Female C57BL/6 mice were infected with LP-BM5 retrovirus, causing murine acquired immune deficiency syndrome (MAIDS) which is functionally similar to human AIDS. Because human immunodeficiency virus may compromise nutritional status and nutritional disorders have been found in AIDS patients, the influence of murine retrovirus infection on levels of important immune-related nutrients (vitamin A, E, zinc and copper) in the serum, liver, small intestine, spleen and thymus was determined in MAIDS. The levels of vitamin A, E and copper in the liver in MAIDS were significantly reduced compared to controls, whereas the level of zinc in the liver was not affected. Intestinal level of vitamin A was significantly reduced by retrovirus infection, whereas copper level in the small intestine was significantly increased compared to controls. Intestinal levels of zinc and vitamin E were not affected. The levels of vitamin A, E and zinc in the spleen in murine AIDS were significantly rebared compared to controls, whereas the splenic level of copper was not influenced. The levels of vitamin A, E and copper in the thymus in MAIDS were significantly lessened by retrovirus infection compared to controls, whereas thymic level of zinc was significantly elevated. The levels of vitamin A and E in the serum in MAIDS were significantly decreased by retrovirus infection compared to controls. The data indicated that retrovirus infection can directly cause malnutrition, possible via damaging gastrointestinal cells, thereby leading to malabsorption. Such malnutrition has the theoretical potential to accelerate development of AIDS via immunosuppression secondary to nutritional deficiency.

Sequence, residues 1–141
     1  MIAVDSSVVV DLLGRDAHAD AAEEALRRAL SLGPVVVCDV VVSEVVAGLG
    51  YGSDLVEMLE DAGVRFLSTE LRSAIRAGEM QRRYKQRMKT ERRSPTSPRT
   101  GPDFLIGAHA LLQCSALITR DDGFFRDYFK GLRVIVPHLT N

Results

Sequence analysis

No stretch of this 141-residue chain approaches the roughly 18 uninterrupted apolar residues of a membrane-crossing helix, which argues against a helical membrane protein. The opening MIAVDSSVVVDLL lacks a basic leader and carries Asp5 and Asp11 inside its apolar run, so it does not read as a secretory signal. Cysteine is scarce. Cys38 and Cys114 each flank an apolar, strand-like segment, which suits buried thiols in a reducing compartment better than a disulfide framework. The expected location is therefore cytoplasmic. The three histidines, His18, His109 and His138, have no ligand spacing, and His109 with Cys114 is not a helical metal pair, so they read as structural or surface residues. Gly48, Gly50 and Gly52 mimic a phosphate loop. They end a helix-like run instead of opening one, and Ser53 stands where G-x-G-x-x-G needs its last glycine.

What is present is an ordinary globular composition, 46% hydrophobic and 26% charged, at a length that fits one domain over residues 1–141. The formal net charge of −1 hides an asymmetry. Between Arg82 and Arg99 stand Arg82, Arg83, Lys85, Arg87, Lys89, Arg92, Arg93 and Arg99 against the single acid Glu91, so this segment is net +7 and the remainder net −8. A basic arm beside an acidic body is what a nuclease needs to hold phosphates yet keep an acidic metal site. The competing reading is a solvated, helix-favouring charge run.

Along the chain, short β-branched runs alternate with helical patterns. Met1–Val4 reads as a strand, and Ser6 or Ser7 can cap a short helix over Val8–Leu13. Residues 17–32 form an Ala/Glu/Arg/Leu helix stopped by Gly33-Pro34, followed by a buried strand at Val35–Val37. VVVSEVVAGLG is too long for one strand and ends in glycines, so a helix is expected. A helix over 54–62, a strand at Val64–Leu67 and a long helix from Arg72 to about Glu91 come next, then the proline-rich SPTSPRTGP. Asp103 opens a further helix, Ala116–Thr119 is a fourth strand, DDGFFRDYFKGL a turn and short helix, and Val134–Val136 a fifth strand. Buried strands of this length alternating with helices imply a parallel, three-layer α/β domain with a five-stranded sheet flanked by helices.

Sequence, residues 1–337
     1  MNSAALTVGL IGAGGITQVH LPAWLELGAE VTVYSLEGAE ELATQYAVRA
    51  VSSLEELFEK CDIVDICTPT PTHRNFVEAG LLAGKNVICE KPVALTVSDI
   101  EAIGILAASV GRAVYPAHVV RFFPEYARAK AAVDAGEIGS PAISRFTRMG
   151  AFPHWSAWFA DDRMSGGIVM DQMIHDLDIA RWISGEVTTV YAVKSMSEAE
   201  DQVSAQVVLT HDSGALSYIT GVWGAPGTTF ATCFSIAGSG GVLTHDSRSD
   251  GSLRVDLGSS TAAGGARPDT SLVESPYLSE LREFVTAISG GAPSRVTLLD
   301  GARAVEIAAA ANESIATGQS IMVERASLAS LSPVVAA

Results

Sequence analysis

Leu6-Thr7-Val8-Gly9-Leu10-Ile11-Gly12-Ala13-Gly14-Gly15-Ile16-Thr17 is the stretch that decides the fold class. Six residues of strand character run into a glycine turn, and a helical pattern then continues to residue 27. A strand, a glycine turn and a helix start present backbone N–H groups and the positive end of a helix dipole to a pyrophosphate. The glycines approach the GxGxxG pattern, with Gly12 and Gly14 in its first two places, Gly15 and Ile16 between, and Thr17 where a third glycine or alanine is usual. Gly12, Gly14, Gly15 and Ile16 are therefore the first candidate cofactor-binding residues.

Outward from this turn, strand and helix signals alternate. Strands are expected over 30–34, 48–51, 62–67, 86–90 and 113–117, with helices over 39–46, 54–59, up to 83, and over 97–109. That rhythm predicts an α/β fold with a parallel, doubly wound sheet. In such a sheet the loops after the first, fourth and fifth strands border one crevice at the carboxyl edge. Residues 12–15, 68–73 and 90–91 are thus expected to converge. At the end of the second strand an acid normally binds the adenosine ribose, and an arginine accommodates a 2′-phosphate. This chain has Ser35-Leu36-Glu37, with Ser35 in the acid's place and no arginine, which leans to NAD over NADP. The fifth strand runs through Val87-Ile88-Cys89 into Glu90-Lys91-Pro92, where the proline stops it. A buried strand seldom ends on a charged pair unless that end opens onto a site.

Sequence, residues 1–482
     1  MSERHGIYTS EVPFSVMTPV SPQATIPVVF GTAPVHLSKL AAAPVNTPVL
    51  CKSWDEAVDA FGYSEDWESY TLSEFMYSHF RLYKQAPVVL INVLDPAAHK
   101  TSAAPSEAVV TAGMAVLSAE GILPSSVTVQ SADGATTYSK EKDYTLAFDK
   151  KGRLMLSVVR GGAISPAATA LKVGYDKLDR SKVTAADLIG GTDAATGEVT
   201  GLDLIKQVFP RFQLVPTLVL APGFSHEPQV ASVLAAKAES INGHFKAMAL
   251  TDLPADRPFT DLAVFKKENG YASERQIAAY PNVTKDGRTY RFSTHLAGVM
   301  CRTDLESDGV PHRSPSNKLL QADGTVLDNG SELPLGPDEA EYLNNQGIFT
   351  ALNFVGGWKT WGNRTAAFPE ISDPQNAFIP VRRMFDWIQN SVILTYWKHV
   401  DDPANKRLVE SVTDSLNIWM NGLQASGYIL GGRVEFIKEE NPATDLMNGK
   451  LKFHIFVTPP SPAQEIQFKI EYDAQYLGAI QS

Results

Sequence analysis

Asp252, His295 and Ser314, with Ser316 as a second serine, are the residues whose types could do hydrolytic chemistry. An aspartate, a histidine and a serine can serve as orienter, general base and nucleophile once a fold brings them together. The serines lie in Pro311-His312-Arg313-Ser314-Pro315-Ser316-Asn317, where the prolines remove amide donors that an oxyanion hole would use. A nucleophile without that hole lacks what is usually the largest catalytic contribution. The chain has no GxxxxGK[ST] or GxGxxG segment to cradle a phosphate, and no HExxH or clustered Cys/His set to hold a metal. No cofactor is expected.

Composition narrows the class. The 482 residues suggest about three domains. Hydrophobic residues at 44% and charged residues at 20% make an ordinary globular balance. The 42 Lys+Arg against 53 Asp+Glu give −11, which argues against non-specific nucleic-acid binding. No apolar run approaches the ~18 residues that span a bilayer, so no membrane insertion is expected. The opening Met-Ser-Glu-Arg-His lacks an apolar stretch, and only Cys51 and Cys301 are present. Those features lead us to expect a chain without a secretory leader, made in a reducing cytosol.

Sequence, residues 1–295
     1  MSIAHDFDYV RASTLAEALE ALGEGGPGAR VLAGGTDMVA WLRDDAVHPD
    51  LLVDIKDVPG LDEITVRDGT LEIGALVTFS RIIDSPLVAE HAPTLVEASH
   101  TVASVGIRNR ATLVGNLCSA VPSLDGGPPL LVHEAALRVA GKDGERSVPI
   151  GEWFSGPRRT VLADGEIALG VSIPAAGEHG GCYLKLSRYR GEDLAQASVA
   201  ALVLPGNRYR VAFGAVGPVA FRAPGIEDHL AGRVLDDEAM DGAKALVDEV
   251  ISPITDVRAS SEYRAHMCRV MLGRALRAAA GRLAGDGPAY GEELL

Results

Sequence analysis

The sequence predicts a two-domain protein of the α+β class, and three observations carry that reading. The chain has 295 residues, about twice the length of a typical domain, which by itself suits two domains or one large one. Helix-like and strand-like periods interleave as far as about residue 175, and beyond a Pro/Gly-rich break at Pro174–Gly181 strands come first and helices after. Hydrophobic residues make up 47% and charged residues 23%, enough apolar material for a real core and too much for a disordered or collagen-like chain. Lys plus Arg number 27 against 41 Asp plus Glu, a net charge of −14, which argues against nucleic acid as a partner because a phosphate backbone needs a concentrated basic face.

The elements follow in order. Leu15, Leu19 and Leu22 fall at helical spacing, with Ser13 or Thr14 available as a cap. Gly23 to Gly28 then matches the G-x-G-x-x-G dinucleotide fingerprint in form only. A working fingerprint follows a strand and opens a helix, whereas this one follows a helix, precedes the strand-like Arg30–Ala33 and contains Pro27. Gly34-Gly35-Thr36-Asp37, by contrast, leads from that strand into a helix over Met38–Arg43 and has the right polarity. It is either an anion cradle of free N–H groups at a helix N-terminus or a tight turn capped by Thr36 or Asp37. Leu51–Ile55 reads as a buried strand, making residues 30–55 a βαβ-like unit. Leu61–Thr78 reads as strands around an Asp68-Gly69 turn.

- Murine AIDS
- Vitamin A and E
ASJC Scopus subject areas
- Endocrinology, Diabetes and Metabolism
- Nutrition and Dietetics